In 2008, comic books are much more than the glossy flash bang that many think of when they hear the term. From comics to graphic novels to comic-inspired film and television series, the growing field of comics arts has evolved into an intricate crux of story writing, visual art and so much more.
This year, Hobart and William Smith will have their own expert to explore this complex and dynamic field. As a part of its 2008-2009 lecture series, titled “Animation,” the Fisher Center for the Study of Women and Men welcomes its 2008-2009 Pre-Doctoral Fellow Jillian Burcar to campus.
After arriving at HWS, Burcar explains, “There were a couple of things that drew me to the Fisher Center and to apply for the fellowship: one was the equality in the study of gender in the Fisher Center; it’s the Fisher Center for the Study of Women and Men, not just women. Also, the opportunity to create and teach my own course was a huge draw as well.”
“It’s exciting to be able to design my own course,” Burcar said. “It’s something that you’re not typically able to do as a graduate student.”
And Burcar has drawn up a course worth anticipating, titled “Zombies, Witches and Cyborgs: Animating Gender and Monstrosity,” “In the course, we’ll be looking at the root of various monsters and exploring them in their contemporary counterparts,” she explained. “I’m looking forward to taking all of the ideas and mediums, from comic books to graphic novels to film, and creating a dialogue with my students about all of it.”
“I hope that by the end of the course, my students are able to understand what they’ve learned about literature and comics arts in a creative as well as analytical way; I want them to be able to ‘read between the panels,’ so to speak, and not only for my class, but as a skill they’ll be able to carry with them,” Burcar said. “I don’t want to divorce the creative side of teaching in this course, whether it’s in assigning creative projects to my students or asking them to think uniquely and originally—I really want to animate their thinking in this area.”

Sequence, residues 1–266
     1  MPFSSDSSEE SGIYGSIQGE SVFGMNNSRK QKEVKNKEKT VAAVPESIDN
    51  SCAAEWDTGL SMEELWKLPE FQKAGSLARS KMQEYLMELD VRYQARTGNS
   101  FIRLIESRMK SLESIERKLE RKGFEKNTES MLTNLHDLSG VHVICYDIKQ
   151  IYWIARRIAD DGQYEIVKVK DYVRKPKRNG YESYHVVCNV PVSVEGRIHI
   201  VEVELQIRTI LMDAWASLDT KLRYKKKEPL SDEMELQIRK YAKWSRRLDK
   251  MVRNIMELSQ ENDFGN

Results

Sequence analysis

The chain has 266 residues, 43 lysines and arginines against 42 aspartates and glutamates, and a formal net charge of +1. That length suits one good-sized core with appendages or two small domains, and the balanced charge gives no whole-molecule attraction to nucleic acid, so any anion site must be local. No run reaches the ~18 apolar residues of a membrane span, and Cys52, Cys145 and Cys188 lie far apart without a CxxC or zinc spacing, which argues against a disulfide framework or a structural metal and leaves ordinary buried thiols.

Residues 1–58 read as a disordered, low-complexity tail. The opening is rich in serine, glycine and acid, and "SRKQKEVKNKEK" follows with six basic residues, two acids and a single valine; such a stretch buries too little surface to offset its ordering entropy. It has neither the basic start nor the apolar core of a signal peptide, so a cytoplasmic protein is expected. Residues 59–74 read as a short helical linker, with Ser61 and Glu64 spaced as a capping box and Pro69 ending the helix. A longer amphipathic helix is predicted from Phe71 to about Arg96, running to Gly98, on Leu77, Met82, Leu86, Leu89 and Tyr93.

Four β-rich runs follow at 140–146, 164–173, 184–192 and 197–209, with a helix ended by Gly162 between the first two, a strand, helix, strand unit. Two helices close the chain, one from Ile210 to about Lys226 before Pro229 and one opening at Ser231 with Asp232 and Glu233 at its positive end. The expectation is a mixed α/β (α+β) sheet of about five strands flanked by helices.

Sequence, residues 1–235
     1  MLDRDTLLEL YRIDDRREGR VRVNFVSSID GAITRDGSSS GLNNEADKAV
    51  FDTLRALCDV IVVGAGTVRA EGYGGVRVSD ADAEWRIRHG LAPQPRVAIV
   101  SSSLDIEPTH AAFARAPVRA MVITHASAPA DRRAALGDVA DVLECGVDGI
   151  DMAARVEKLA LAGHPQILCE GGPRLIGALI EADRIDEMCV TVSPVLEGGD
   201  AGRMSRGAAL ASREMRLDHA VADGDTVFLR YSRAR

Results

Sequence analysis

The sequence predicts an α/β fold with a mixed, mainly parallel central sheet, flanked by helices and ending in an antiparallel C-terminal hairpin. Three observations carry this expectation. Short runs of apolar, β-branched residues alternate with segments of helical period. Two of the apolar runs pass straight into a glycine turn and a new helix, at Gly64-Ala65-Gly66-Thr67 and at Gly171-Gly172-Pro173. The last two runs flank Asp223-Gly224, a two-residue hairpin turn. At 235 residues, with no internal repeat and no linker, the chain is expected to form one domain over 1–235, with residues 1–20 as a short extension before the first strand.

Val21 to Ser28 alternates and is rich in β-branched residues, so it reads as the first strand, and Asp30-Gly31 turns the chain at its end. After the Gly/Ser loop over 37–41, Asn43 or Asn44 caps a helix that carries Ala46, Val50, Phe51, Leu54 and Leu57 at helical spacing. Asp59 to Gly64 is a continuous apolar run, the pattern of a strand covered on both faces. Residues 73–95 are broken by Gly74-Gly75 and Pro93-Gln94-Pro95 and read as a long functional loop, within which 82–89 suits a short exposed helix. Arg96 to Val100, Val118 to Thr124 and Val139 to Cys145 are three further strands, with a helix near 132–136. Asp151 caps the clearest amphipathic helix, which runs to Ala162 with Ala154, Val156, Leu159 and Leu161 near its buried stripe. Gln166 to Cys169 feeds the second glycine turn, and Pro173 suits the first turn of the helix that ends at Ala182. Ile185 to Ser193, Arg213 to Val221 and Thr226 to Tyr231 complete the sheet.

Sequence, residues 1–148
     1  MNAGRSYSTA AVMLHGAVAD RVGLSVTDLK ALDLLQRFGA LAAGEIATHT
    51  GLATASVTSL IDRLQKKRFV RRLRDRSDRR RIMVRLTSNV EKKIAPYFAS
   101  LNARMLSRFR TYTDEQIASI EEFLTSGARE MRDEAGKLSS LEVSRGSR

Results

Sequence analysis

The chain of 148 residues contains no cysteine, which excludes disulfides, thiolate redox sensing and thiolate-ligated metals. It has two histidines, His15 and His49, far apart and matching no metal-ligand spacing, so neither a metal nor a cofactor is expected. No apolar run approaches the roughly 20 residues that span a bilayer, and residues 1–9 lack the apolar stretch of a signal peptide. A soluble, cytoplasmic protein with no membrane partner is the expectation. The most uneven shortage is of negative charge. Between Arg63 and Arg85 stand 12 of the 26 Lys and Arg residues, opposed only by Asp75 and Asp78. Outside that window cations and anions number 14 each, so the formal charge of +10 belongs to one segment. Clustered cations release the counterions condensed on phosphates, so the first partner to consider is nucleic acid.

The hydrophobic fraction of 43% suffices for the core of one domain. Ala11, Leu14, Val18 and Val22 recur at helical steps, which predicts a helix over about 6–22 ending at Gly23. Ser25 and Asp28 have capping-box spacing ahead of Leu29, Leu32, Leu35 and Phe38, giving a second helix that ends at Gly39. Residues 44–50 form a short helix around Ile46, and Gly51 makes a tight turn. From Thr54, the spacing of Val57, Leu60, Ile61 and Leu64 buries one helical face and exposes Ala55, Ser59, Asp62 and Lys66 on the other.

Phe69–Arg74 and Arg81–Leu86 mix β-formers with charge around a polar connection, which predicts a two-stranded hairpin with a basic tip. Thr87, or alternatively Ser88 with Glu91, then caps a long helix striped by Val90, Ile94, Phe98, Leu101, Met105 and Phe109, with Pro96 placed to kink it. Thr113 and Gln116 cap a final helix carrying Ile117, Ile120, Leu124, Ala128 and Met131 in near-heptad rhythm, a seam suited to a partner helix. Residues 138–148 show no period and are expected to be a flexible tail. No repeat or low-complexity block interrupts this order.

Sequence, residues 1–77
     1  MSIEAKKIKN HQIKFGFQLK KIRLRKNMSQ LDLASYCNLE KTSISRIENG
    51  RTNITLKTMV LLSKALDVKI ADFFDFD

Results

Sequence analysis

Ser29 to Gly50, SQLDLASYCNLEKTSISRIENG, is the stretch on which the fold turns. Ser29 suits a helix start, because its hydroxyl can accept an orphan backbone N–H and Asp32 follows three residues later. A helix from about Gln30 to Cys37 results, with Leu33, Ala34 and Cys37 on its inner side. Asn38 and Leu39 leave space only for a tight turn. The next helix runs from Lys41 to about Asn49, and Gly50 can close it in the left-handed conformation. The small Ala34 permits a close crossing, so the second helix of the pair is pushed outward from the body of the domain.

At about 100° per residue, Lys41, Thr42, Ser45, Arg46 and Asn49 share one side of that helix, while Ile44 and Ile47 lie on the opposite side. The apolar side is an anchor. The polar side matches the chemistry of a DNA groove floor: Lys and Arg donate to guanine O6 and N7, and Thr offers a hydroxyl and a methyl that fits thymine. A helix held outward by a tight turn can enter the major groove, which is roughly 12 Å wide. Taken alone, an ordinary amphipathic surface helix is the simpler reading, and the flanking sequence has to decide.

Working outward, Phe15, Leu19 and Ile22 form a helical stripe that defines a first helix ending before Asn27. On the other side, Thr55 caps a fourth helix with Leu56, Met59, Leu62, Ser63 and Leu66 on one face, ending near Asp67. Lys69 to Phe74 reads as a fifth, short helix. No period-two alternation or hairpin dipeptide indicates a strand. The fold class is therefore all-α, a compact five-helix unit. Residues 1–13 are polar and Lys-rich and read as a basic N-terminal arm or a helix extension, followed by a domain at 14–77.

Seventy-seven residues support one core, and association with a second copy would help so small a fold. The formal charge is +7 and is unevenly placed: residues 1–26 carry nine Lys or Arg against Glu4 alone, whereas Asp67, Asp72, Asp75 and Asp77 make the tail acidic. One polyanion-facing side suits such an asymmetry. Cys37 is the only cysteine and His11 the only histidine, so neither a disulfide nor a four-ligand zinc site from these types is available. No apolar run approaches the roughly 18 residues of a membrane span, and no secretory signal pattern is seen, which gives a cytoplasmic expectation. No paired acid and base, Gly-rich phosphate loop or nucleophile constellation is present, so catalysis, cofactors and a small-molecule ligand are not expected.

Burcar is a Ph.D. candidate in Literature and Creative Writing (Fiction) at the University of Southern California (USC). She is on track to complete both the Visual Studies and Gender Studies Graduate Certificates at USC. Burcar earned her B.A. in English with a concentration in literature and an extended writing minor. Throughout her academic career, she has also been honored with the Mildred Fox Hanson Award in 2007 and 2008, the 2006 Virginia Middleton Summer Award, the 2003 and 2004 Maryland State Academic Excellence Award as well as many others. Burcar has also worked as an assistant lecturer and writing center consultant at USC. Recently, she has given several talks on comics-related topics across the country.